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    Member trapper1's Avatar
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    Cast Bullets for Military surplus Rifles

    I have been a gun collector for a long time. I never thought of collecting surplus rifles, until I found an article in G&A Surplus Magazine called Slingin' Lead, by Daniel C. Chamberlain. Cast bullets for surplus rifles. That got the ball rolling. I now have a Lee melting pot, Lyman 314299 mould, Lyman lube sizer, and a bunch of wheel weights. I now use moly lube to coat the bullets. The article shows how you can get into castin bullets at very low cost. I went a little over board. I now have 2 lee Enfields #4 & 2a, Russianicon 91/30, Russian 44, and SKS. I very,very, highly recommend this. It's cheap to do and you cannot believe the accuracy. And you will never wear the barrel's out. Now I am collecting surplus rifles. I will need another gun safe.

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    Sounds fun! Are they light loads? Gas checked? I don't know anything about using lead.

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    Member trapper1's Avatar
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    I have started with light loads, the Lyman 314299 mould is a gas checked mould. Its also a 200 grain speer point, so it is long. Lyman did good on this one. Works great for 303 Britishicon, and the 762x54r Russianicon. The lyman 311299 is also great for these and the 30 calibers like 30/06. I have also been looking at working up light loads for small game.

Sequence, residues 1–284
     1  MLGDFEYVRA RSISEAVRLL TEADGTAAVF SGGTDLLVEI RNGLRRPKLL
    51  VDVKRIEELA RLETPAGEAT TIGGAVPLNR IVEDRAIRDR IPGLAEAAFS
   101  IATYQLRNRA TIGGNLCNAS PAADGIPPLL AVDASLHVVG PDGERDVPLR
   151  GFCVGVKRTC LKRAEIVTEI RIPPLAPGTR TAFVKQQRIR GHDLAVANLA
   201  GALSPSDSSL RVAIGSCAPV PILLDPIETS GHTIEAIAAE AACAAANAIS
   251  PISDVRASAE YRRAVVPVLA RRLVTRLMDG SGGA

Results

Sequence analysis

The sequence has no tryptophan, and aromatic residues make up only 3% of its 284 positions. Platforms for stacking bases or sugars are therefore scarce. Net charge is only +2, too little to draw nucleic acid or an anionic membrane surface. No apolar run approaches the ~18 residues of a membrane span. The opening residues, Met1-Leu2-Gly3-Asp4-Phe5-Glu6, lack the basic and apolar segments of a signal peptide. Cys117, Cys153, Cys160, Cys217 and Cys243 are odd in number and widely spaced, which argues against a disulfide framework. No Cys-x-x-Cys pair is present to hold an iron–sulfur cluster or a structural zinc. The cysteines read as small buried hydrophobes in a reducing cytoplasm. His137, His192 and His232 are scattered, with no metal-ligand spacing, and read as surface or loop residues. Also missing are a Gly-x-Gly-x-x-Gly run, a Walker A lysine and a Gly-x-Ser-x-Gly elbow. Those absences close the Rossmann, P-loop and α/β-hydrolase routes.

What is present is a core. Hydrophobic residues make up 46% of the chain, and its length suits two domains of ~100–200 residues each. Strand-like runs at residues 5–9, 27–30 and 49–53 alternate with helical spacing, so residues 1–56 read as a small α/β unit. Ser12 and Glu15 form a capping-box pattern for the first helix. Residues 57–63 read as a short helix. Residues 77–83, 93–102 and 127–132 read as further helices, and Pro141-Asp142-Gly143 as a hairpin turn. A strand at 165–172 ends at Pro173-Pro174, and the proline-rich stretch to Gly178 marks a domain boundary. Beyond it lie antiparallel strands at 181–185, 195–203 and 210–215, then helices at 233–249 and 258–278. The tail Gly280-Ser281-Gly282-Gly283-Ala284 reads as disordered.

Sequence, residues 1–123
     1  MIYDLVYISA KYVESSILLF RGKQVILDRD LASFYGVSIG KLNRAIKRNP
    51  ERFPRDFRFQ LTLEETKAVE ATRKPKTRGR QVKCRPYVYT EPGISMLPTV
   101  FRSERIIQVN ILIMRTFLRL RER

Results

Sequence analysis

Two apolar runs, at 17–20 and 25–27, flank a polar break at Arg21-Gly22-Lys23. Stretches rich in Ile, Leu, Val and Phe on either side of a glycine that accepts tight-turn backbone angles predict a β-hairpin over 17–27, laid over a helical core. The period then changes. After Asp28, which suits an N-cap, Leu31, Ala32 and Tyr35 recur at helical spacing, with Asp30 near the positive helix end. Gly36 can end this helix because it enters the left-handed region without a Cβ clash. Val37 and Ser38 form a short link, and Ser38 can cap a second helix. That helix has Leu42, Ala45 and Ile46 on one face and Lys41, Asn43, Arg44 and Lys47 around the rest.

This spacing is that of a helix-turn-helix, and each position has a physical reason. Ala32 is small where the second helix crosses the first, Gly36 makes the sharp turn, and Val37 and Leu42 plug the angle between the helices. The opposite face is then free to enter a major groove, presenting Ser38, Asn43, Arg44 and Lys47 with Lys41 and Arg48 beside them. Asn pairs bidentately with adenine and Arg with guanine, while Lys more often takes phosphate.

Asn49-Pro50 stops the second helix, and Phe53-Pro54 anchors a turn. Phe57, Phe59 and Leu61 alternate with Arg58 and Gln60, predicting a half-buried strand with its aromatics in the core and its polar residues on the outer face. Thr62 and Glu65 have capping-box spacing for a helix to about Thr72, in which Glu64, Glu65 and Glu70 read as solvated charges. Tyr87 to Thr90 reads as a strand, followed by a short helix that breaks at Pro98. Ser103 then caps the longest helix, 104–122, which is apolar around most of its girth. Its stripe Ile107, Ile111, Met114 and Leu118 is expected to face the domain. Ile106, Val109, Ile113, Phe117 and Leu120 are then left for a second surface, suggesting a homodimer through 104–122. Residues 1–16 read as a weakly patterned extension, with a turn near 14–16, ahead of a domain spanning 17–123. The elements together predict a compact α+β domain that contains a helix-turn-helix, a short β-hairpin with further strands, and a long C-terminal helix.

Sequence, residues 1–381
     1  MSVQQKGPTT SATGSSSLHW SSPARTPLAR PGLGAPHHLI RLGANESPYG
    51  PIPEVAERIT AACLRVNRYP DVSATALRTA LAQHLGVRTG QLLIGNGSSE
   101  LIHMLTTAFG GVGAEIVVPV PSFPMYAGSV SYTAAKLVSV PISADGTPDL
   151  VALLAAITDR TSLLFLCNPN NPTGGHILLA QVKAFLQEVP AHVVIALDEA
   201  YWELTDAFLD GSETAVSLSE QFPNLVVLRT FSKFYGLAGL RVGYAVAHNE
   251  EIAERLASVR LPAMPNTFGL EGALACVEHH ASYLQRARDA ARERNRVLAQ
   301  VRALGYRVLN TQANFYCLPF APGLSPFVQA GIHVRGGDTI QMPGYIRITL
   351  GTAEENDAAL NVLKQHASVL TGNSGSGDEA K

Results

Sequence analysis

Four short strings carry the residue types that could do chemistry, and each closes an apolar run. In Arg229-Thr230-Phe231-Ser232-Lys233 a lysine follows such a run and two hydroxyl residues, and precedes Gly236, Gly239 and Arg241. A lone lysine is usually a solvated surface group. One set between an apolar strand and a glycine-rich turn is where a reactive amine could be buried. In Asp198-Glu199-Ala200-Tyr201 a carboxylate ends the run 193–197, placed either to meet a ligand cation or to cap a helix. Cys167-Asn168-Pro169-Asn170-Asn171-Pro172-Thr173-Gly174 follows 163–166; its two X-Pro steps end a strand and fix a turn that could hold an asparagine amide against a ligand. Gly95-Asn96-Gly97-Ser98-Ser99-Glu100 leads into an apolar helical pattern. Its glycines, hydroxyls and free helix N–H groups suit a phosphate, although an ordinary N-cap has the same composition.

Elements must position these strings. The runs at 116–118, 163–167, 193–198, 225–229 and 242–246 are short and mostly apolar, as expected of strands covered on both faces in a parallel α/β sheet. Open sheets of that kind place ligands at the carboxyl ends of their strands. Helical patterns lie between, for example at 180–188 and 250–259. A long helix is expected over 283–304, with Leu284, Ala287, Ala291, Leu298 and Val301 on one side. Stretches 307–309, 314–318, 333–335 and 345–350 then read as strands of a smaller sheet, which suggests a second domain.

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    Contributing Member villiers's Avatar
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    D´you use wheel weights? Why do so many people advise against using them? (I´m planning to start casting as soon as I get the moulds).

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    Advisory Panel Patrick Chadwick's Avatar
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    Quote Originally Posted by villiers View Post
    Why do so many people advise against using them?
    There are several reasons:

    1) Wheelweights have a (usually) unknown composition. You have no idea what is really in them. Which means that you have no idea how hard the final bullet is going to be.
    2) If there is, for instance, any zinc in the mix, then the filling of the mold will be poor.
    3) There may be hard particles in the mix (from the road, brake discs, brake pads) that will wear or even scratch the barrel.
    4) Specifically for your BP cartridges, Patrick: all you need is pure lead and tin. Any alloy with antimony is likely to be harder than you need in an original BPCR.